Tibetan Singer Released After Serving Four-Year Prison Term

2017-07-11
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Tibetan singer Kalsang Yarphel is shown following his release from prison in Sichuan, July 10, 2017.
Tibetan singer Kalsang Yarphel is shown following his release from prison in Sichuan, July 10, 2017.
Photo sent by an RFA listener

Authorities in southwestern China’s Sichuan province have released a popular Tibetan singer sentenced to four years in prison for his role in Lhasa-area concerts encouraging people to speak Tibetan and unite among themselves, a source in Tibet said.

Kalsang Yarphel, aged about 42, was released on July 10 after serving his full term in prison. Yarphel’s year spent in detention before his November 2014 trial was counted as a part of his term.

“When he was released, his family and friends welcomed and greeted him warmly with offerings of khata [ceremonial scarves]. But his current health condition is unknown,” RFA’s source said, speaking on condition of anonymity.

Accused of organizing concerts called Khawai Metok, or Snow Flower, in 2012, Yarphel was detained on June 14, 2013 in Tibet’s regional capital Lhasa and held for over a year, a former political prisoner named Lhamo Kyab told RFA in an earlier report.

The songs Yarphel sang were deemed subversive by Chinese authorities, who questioned the singer several times before finally detaining him, Kyab said. The singer was later given a four- year sentence by a court in Chengdu, the capital of Sichuan province.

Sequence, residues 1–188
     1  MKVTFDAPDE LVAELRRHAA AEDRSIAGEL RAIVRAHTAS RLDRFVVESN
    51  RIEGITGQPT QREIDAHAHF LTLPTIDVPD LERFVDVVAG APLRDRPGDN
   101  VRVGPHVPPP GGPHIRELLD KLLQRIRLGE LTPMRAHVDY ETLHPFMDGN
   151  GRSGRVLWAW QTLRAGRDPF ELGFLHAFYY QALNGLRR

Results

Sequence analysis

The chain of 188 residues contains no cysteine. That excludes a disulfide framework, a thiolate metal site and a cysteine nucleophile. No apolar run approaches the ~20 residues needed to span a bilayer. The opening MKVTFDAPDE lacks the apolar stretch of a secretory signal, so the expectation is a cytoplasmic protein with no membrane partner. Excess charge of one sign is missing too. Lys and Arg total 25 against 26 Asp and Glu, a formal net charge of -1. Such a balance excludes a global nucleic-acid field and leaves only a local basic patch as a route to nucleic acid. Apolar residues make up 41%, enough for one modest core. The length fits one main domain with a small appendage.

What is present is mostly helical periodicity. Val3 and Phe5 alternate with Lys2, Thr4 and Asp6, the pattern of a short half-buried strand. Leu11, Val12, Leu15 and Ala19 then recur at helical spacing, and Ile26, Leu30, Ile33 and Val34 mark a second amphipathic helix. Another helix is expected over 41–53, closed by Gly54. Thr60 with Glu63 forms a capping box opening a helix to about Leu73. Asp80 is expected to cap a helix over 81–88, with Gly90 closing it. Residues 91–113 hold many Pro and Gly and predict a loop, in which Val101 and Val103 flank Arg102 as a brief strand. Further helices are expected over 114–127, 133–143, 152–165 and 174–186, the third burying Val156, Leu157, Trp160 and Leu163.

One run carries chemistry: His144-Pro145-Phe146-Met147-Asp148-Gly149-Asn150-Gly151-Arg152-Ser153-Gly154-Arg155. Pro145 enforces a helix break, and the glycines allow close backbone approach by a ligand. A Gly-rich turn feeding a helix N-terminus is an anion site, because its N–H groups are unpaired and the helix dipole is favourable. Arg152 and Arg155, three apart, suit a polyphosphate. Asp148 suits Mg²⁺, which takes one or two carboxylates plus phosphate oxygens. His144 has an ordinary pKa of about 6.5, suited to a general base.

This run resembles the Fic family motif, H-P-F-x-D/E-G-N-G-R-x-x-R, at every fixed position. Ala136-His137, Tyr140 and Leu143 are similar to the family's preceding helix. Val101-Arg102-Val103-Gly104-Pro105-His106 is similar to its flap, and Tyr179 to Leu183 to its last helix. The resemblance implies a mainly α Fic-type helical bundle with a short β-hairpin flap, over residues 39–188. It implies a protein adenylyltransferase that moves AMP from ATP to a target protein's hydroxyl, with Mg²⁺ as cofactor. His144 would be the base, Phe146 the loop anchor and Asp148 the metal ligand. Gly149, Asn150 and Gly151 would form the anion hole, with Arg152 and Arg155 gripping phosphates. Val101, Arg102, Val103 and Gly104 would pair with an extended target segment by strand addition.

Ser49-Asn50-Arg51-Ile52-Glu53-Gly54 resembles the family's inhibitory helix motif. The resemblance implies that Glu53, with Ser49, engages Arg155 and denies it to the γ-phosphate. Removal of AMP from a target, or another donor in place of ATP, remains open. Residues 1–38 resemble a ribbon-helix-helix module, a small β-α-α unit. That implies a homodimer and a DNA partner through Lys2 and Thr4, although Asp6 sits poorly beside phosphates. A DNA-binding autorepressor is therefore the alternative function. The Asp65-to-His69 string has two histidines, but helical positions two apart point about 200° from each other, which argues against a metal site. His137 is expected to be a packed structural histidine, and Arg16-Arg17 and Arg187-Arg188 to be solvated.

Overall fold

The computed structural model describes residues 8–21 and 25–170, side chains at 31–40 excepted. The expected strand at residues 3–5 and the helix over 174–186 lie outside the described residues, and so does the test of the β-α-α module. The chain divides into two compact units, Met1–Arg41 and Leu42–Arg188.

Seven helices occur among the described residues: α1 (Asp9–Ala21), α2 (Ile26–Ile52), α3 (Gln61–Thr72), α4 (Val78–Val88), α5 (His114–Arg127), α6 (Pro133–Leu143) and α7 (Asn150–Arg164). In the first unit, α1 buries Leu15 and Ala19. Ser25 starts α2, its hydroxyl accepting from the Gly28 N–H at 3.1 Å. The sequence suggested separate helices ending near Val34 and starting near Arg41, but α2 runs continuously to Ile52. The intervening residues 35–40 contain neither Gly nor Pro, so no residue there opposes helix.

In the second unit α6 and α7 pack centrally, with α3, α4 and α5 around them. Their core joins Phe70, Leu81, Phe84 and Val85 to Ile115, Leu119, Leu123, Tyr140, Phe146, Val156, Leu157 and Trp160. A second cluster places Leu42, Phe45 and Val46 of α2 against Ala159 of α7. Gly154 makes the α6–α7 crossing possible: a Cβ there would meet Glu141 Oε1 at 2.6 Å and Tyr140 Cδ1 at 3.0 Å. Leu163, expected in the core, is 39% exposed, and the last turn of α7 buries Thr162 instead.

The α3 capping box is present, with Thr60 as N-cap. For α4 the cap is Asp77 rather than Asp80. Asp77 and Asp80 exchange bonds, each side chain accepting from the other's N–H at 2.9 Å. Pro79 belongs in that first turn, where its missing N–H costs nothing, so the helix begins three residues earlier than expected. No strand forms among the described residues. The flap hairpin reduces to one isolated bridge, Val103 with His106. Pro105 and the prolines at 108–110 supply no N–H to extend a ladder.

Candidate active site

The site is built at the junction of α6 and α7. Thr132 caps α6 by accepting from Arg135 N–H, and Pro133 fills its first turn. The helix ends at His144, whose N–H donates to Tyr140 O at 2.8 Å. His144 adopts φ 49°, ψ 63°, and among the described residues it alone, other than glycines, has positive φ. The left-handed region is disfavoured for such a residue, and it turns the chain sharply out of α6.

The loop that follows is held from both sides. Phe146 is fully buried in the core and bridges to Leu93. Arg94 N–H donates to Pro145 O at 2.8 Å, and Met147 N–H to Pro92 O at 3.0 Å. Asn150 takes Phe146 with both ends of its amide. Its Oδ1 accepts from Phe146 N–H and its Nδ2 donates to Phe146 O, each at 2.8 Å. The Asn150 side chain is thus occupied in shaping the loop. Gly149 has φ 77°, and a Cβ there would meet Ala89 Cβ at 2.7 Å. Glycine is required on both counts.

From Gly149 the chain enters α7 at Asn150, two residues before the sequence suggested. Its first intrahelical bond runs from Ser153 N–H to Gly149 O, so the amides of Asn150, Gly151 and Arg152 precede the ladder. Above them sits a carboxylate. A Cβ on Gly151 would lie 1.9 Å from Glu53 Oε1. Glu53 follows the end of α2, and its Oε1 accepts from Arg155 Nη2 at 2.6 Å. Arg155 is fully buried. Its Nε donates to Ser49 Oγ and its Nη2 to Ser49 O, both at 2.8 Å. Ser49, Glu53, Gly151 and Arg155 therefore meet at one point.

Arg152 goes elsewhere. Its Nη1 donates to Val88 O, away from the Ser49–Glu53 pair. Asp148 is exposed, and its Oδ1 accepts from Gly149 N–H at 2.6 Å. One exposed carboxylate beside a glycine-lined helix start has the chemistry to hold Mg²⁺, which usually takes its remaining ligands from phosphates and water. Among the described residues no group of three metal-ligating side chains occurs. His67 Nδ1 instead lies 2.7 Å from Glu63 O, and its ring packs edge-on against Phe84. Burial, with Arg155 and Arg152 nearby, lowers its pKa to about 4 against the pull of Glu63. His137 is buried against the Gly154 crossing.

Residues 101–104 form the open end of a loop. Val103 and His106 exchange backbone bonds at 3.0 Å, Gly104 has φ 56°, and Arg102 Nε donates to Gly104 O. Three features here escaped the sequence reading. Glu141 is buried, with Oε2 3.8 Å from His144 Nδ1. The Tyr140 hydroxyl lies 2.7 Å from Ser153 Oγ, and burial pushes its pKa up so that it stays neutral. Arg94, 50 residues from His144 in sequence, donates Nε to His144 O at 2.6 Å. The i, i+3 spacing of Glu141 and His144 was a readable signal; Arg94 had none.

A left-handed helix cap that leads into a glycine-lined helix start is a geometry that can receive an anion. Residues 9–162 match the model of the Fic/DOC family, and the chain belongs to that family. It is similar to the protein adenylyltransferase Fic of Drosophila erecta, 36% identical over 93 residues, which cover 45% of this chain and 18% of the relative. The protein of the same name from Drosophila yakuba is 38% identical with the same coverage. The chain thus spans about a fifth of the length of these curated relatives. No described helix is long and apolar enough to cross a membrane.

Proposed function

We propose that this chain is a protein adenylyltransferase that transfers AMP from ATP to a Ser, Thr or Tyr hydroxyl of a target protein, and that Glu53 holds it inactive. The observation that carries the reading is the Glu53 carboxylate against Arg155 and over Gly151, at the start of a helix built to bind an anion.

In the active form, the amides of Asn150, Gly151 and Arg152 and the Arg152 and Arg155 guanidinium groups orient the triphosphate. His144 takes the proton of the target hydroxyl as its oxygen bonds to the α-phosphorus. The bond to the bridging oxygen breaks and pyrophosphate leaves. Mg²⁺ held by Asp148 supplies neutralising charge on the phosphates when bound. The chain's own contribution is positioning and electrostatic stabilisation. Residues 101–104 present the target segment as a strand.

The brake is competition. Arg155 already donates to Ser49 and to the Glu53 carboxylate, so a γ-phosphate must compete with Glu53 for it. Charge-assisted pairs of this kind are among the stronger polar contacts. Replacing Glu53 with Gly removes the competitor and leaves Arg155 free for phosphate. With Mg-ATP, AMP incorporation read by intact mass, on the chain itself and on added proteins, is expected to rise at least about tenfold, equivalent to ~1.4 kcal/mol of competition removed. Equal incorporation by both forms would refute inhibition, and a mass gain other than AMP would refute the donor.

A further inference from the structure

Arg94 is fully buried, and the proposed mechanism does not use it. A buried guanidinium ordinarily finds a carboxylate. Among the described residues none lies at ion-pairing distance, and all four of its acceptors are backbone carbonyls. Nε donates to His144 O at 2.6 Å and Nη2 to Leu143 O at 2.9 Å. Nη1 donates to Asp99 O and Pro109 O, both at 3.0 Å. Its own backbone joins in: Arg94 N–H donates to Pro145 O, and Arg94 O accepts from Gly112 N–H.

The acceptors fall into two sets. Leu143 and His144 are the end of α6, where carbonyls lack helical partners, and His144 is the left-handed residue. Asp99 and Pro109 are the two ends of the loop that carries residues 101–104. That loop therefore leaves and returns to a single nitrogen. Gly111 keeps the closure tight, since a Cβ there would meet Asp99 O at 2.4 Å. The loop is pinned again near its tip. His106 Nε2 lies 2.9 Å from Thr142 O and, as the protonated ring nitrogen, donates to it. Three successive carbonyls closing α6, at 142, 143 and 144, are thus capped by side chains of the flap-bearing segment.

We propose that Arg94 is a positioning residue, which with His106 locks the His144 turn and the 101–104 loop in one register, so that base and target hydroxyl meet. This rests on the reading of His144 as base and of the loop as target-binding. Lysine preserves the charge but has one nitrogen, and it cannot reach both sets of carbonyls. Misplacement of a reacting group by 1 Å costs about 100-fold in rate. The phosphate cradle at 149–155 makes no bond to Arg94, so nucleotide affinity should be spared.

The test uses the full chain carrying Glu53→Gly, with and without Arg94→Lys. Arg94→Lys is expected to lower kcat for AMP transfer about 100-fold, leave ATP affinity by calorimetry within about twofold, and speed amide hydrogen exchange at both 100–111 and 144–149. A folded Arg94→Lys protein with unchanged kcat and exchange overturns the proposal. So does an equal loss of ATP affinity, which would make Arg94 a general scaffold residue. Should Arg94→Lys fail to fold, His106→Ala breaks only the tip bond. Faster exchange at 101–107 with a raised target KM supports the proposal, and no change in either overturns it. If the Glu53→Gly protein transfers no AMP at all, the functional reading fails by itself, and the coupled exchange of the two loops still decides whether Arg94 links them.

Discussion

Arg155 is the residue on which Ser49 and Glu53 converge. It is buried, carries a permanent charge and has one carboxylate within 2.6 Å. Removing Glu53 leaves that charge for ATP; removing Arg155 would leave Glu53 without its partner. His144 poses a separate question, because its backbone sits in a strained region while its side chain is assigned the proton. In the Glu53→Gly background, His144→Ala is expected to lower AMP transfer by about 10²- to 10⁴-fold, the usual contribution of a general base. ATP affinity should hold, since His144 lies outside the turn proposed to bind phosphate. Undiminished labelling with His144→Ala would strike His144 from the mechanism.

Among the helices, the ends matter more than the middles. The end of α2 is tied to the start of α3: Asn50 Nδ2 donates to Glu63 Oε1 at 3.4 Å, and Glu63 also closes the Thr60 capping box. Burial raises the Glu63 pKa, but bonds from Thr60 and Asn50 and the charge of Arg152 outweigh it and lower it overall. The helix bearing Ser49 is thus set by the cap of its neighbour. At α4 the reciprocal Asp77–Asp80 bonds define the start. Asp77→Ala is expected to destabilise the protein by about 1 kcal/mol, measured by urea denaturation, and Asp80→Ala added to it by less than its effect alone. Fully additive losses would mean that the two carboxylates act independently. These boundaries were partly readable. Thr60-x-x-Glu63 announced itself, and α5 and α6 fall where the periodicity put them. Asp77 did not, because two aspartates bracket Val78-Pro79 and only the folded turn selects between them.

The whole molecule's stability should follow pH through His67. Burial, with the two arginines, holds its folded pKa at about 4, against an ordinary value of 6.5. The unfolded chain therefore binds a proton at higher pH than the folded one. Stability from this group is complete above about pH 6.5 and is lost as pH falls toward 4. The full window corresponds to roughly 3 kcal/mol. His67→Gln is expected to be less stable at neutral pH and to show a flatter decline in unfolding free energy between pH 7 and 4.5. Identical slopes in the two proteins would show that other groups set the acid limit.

Popular since childhood for his beautiful singing voice, Yarphel had performed at concerts held both by the government and by private organizations.

According to the India-based Tibetan Centre for Human Rights and Democracy, DVD recordings of the Khawai Metok concerts were widely distributed in Tibetan-populated areas of China, despite being banned by Chinese authorities at the time.

Yarphel’s arrest came amidst a national crackdown on public assertions of Tibetan national and cultural identity. China has jailed many Tibetan writers, artists, singers and educators for work considered politically sensitive since widespread protests erupted in Tibetan-populated areas of China in 2008.

Reported by Lhuboom for RFA’s Tibetan Service. Translated by Dorjee Damdul. Written in English by Lillian Andemicael.


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